Electrons behaving as waves

Students will know that electrons carry energy and momentum when they are moving. Yet these moving electrons seem to be guided to an interference pattern just like waves of light; or just like photons of light in the micro-physical world.

In the macro-physical world, large particles such as tennis balls and people do not display wave behaviour; wavelengths associated with such particles, at usual speeds, are so extremely minute that it won’t be possible to observe the diffraction or interference pattern associated with them. Nevertheless the behaviours of waves and particles in the micro-physical world are not entirely separate. Moving particles do follow wave directions, and it is the wave which predicts a probability of where to find the particle. The particles are guided by ‘matter waves’. Wave-particle duality was first suggested by Louis de Broglie about a century ago.

This raises the question of whether electrons (and other tiny particles) are particles or waves. Many observations in atomic physics can be treated using the particle model on its own. Others require the wave model. Both models prove to be useful and, despite their contradictory nature, must both be used for a full description. The two aspects of the electron both contradict and complement one another: both aspects are needed for a complete description. Niel’s Bohr’s solution was the principle of complementarity

The Complementarity Principle says that sometimes electrons have the properties of particles and sometimes the properties of waves, but never both together. Their two types of behaviour complement each other but never coexist. The type of behaviour that is shown usually depends on the measurement technique being used. To put it another way, ask a wave-type question and you will get a wave’s answer. Ask a particle-type question and you will get a particle’s reply.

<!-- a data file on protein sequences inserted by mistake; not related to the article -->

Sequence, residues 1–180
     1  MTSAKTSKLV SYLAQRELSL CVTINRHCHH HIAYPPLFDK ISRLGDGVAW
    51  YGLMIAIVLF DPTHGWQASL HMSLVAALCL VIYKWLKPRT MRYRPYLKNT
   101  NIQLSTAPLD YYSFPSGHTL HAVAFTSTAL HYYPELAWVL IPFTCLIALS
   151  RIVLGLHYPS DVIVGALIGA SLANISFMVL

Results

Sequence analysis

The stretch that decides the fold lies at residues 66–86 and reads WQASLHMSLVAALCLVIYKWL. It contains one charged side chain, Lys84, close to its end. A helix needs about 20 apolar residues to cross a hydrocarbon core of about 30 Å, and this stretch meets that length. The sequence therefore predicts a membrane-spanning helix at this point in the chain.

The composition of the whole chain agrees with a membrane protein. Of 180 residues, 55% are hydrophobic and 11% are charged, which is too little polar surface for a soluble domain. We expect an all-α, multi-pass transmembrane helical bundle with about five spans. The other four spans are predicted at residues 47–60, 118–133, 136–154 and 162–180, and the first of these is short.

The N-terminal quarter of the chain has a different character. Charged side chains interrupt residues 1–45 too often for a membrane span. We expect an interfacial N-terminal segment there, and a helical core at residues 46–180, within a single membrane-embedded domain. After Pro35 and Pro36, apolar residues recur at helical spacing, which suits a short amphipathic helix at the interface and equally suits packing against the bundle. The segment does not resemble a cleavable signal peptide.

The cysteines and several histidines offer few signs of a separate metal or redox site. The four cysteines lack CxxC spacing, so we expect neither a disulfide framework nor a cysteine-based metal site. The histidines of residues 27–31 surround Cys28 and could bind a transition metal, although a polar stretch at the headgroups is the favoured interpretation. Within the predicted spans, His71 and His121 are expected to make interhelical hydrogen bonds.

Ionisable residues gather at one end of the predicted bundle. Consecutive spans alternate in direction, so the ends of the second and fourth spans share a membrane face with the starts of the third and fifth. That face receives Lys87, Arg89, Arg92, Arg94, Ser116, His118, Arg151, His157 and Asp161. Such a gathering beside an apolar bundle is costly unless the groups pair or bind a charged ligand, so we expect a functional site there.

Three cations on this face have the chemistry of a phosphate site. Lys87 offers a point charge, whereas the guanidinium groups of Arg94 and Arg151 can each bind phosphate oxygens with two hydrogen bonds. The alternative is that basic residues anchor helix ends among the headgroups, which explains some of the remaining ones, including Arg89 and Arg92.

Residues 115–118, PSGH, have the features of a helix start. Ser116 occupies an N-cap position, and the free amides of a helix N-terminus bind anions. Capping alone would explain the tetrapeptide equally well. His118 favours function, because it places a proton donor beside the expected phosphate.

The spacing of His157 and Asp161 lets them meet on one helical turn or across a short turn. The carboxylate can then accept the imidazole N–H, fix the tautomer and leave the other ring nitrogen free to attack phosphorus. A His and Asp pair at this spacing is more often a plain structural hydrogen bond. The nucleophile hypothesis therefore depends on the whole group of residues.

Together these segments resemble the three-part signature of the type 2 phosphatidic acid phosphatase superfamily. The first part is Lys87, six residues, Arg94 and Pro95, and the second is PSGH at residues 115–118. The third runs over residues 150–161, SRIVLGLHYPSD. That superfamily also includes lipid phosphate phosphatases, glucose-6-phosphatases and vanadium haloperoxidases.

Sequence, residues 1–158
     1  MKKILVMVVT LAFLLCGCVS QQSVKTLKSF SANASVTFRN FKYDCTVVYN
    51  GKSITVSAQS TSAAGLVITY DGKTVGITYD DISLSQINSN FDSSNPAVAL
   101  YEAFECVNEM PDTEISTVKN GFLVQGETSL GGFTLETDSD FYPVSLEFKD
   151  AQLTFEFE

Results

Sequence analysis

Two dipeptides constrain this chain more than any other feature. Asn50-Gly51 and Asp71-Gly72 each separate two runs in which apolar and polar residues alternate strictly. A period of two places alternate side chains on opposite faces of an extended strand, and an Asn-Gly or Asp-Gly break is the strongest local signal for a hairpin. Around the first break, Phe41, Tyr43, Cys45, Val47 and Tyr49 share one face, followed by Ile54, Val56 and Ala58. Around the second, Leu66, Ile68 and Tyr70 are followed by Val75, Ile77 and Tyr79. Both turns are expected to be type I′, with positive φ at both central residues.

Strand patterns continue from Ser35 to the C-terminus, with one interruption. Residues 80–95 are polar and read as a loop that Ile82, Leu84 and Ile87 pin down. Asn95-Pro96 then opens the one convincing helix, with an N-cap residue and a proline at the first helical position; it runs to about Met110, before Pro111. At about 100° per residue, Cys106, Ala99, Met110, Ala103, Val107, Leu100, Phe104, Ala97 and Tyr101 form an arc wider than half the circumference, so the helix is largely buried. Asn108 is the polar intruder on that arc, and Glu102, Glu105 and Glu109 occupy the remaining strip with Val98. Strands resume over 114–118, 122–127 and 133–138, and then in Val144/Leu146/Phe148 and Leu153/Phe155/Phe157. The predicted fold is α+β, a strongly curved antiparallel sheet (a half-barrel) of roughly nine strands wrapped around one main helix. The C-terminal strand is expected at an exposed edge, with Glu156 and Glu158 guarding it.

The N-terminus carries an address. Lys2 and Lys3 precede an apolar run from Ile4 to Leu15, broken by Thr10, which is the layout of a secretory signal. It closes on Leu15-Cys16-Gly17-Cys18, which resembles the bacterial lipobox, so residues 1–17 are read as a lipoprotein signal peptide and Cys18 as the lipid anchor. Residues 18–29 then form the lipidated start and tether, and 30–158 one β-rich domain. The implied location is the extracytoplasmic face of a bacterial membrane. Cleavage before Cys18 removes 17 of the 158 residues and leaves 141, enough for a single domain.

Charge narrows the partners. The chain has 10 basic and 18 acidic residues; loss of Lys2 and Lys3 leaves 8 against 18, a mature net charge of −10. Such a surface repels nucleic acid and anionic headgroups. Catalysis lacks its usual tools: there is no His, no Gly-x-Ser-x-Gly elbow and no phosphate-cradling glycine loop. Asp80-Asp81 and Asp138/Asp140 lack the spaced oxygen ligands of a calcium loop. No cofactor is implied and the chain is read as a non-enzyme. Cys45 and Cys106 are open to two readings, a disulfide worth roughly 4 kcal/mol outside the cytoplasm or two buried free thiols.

Bohr’s interpretation was that the two irreconcilable descriptions should be applied in turn but cannot be applied simultaneously. They are never in direct conflict, because it is impossible to determine at the same time all the information required to make the two images precise.

This relates to Heisenberg’s Uncertainty Principle. The more precise the observations of one picture, the less precise the other becomes. Define the wavelength of an electron sharply enough and the attempt to apply the particle model will surely fail. Localize the electron definitely enough and the wave model fails.